Some Ponderings from Lizzie

April 21, 2010

Thanks Liz for a fantastic and personal blog. You can tell you are a storyteller because your memories conjured up so many great images in my head.

And Tash, really interested to read your comments on The Bridge although I feel a little foolish because I didn’t pick up  on the moment when Daniella was looking for the 7th colour of the rainbow (and I saw the production twice!). You’ll have to remind me about this moment. I like to think that it was my lack of language that made me miss it although you’ll probably now tell me it was a non verbal musical moment.

Anyway what with a virus in the last week, a day of computer rage (it took me a whole day to get a new router up and working) and a breakdown (car not mind) in Blackpool where Maddy was dancing at the Winter Gardens – Blackpool reference for Rachel in case you’re reading… it’s taken me a while to get back to this blogging.

Enjoying the sun -only Liz had the foresight to bring sunglasses. Note Villach's 'Thinking Jester' - or has he just got toothache?

Some ponderings

When I was first invited on to the Dandelion project we had to make some statements about what we wanted to learn, what we wanted to find out from participating on this project. My ideas were, if my memory serves me, rather vague (to the extent that I cannot quite remember what they were!) but really I think deep down that I had a question to which I was seeking an answer  but which I was finding it difficult to articulate – a little nagging voice inside me that was still saying what is the point of doing theatre for such young children?  We always hope that people will remember our work even if it is only a moment that lodges in their conscious memory but to set out to make an experience for children who will apparently ‘forget’ it  seems almost a little masochistic. I think I felt embarrassed to say it out loud because I knew that, by now, many people believed passionately in the value of theatre for very small children (under 3s) and I liked the idea instinctively but I was still confused and seeking to settle the matter with my own intellect. Dandelion has given me the time and opportunity to reflect on this matter, to ponder, to listen, to watch, to debate and now, more than a year further on I think that I am much closer to having an understanding of why it is a very important  matter for artists to consider making work for such small children and to share this work both with the children and with the children’s parents and carers. Interestingly it is through science and other research that I am finding answers to some of my questions. Roberto Frabetti touched on this matter in his talk when he referred to some research coming out of the Institute of Neuroscience at the University of Leipzig – research that is exploring the notion that aesthetics help to develop cognitive awareness through developing our neurological abilities. (He added that, of course, this wasn’t yet entirely proven but he liked to think that it would be.) I have been reading The Philosophical Baby by Alison Gopnik (only half way through at the moment) and much of what I am reading there excites me. I would like to share a few quotes.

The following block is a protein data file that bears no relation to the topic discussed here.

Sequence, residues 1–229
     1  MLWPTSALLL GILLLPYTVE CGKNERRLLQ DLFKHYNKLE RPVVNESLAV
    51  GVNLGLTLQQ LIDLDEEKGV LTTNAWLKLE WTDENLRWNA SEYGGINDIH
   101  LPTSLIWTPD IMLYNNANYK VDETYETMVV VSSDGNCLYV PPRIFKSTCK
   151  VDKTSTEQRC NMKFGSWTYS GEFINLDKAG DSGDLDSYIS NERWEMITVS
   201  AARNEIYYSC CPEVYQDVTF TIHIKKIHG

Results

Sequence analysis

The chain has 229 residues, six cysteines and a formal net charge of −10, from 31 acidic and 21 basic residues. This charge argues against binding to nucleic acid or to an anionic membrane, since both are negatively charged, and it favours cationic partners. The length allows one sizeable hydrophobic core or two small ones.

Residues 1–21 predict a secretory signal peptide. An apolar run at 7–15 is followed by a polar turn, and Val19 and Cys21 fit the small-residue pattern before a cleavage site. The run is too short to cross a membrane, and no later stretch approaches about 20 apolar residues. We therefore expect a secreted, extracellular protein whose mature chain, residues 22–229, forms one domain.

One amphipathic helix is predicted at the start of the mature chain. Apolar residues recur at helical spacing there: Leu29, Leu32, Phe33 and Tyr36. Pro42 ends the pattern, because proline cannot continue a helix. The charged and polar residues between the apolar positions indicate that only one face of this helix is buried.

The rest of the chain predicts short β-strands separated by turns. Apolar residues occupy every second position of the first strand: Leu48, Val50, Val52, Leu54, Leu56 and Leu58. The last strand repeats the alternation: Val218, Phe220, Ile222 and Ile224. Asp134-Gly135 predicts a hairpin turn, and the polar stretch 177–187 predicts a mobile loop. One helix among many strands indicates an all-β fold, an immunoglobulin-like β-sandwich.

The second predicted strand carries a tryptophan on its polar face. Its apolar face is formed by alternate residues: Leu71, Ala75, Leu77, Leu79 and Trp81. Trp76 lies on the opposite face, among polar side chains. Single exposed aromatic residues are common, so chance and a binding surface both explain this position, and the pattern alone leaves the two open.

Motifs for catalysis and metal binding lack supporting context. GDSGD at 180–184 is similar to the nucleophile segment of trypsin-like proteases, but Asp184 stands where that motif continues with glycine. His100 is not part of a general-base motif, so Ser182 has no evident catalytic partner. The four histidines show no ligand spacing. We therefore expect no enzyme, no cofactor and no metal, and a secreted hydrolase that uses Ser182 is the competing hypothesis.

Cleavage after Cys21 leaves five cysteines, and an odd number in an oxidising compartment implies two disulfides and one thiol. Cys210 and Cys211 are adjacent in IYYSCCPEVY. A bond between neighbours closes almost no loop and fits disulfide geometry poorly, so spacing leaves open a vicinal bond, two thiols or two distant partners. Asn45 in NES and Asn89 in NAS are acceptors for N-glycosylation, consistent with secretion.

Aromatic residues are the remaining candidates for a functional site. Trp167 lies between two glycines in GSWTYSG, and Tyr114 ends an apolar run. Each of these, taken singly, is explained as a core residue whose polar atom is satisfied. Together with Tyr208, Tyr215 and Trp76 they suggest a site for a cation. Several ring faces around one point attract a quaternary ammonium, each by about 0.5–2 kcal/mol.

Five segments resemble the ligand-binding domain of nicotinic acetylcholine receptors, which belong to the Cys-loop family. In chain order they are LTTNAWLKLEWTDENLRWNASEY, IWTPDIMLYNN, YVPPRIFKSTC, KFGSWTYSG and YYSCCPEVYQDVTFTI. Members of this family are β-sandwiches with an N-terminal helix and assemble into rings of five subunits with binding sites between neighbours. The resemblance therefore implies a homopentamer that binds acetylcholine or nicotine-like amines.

‘An animal that depends on imagination has to have some time to exercise it. Childhood is that time.’
‘Children are the R & D department of the human species – the blue sky guys, the brainstormers.’
Although the brain is changeable even into adulthood (from the neuroscience point of view) ‘the visual cortex is much the same at 6 months and 60.’

I am particularly taken by the following notion – the fact that children learn a lot from observation ‘by watching what others do and learning from it, we can go beyond the brief scope of an individual life.’ In other words babies acquire their understanding of the world from both experimentation and observation – they can draw stronger conclusions from experimentation (so handling materials, exploring etc are all powerful moments for a child’s development) but they cannot acquire all their knowledge from direct experience (they don’t have enough time!) so they must do it from observation – next time a small child studies you with those wide eyes and holds you in that stare remember her brain is busy at work, processing everything that she sees.